‘During community engagement sessions, more than 600 people were spoken to, and nearly 700 written submissions were received. Around 50 per cent of people spoken to supported the Kingscliff site; a further 25 per cent were neutral; and the remaining 25 per cent opposed,’ he said.

Labor still unconvinced

The reselection process has not convinced the ALP, however, with the party’s Tweed candidate, Craig Elliot, calling it ‘a rotten decision by an out-of-touch government’.

‘No one has any faith in Geoff Provest, he has betrayed our community in selecting the Cudgen site over Kings Forest – “the people’s choice” for a new hospital,’ Mr Elliot said.

‘The NSW state election will be a referendum on the National Party’s plan to overdevelop Kingscliff by imposing a mega hospital on protected Cudgen farmland.

He added the government should hold off development on the site until after next March’s election.

‘The Nationals must put this to the people before proceeding any further on the protected Cudgen farmlands.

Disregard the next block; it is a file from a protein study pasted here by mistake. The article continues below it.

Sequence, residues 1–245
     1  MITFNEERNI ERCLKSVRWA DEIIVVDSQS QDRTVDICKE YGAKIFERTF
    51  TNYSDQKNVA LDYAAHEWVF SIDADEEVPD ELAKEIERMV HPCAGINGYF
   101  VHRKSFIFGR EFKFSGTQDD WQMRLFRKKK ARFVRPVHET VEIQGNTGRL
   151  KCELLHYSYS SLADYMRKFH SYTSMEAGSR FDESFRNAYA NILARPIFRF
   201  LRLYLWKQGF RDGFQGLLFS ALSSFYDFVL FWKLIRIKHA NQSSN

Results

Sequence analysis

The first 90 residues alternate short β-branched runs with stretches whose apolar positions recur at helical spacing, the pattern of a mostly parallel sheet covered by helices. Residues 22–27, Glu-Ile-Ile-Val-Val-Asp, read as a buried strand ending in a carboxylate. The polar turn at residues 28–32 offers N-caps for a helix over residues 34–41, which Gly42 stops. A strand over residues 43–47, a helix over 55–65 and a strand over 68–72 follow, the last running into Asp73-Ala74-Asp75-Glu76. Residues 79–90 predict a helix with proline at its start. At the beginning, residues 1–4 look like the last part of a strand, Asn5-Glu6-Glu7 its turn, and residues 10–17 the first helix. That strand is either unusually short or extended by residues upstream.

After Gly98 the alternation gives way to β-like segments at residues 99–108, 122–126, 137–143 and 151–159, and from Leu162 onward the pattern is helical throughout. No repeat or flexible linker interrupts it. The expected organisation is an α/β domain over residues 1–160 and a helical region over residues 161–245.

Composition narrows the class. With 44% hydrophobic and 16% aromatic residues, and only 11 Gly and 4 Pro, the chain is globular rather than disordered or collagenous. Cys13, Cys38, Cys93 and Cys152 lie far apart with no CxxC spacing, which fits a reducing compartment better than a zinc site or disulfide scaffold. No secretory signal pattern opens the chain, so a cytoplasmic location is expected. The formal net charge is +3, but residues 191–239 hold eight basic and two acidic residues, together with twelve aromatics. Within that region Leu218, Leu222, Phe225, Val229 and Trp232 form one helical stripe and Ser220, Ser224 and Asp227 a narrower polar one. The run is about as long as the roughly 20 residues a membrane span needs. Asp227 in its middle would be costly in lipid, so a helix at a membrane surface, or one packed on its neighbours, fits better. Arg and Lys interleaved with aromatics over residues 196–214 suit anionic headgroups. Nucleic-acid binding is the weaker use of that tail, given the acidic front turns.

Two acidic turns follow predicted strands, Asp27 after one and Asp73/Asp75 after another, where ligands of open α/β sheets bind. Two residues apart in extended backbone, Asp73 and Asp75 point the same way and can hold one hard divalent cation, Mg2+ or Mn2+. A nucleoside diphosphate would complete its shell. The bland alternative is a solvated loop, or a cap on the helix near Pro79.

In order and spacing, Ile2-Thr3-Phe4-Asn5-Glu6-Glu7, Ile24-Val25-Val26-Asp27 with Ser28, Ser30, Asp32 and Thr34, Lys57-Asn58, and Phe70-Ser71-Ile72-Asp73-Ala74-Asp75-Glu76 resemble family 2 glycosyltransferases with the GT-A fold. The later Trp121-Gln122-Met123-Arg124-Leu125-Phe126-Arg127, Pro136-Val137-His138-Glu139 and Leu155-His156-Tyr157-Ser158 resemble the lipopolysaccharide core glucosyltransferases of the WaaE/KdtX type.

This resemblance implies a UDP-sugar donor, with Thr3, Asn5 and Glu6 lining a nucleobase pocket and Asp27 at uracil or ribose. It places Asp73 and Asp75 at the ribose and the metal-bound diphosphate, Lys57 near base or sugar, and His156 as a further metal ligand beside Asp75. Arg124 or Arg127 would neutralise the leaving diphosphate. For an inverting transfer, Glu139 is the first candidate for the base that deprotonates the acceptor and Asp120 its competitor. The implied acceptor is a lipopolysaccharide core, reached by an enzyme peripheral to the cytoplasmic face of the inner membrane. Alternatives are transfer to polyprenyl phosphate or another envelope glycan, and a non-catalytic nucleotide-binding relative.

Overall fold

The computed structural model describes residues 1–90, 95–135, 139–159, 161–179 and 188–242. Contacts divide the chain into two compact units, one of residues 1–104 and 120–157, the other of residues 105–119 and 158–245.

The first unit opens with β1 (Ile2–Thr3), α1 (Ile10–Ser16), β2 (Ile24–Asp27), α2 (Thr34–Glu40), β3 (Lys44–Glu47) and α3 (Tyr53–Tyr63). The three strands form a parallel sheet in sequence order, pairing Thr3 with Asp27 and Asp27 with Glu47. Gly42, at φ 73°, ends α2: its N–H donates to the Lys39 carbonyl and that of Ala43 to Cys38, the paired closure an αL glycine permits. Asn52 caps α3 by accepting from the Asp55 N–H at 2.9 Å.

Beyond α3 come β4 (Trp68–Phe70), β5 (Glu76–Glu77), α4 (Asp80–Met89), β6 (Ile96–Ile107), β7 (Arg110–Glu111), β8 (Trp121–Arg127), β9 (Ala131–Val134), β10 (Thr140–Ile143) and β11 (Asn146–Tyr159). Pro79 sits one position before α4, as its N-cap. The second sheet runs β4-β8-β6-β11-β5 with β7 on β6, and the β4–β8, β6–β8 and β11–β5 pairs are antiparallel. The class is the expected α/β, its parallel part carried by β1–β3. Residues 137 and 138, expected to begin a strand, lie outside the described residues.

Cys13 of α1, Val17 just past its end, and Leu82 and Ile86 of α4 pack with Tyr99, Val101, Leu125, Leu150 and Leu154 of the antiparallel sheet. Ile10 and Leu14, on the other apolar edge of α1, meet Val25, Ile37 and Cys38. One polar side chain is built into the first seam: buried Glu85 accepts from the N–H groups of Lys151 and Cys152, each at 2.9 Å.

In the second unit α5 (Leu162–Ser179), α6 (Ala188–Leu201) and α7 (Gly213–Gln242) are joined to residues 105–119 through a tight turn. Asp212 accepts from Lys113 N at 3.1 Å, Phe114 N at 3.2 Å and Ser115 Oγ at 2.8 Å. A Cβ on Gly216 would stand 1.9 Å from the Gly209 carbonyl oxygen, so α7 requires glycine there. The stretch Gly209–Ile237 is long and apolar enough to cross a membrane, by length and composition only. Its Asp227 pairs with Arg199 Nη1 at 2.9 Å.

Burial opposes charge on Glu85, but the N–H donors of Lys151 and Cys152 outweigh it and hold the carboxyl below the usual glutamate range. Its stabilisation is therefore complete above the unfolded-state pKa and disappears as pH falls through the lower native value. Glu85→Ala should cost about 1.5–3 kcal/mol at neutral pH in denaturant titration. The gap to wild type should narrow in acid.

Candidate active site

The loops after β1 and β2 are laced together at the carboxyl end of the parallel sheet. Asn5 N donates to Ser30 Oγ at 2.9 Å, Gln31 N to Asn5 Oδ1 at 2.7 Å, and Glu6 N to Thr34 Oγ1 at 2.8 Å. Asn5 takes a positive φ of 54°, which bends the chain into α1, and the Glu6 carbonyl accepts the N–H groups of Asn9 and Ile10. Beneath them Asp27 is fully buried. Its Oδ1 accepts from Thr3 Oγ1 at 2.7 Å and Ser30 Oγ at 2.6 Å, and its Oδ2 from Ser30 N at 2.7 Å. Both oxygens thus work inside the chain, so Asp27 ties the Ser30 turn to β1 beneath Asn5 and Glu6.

‘I call on the NSW Premier to come to a town hall meeting here in our community and explain her government’s decision to impose a hospital on state significant farmland,’ he said.

More information on the site is at www.tweedvalleyhospital.health.nsw.gov.au

 


10 responses to “Kingscliff confirmed as site for new Tweed Hospital”

  1. Jerry Cook says:

    Thank you Minister Hazzard and Geoff Provest! Its Craig Elliot thats out of touch with all the facts.

  2. Melissa Borge says:

    And the tractor plows on digging political furrows for our furrowed brow that when we don’t see eye to eye about a Hospital but we see red dirt it seems what could be moved will be Geoff Provest out of his seat in Tweed.

  3. Roger Graf says:

    This is where bi-partisan interstate-cross border relationship could be a ‘shared’ project to place the hospital location where the epicentre for the majority of population is at the site of Tweed Heads & Coolangatta with easy access from the MI and Gold Coast Hwy.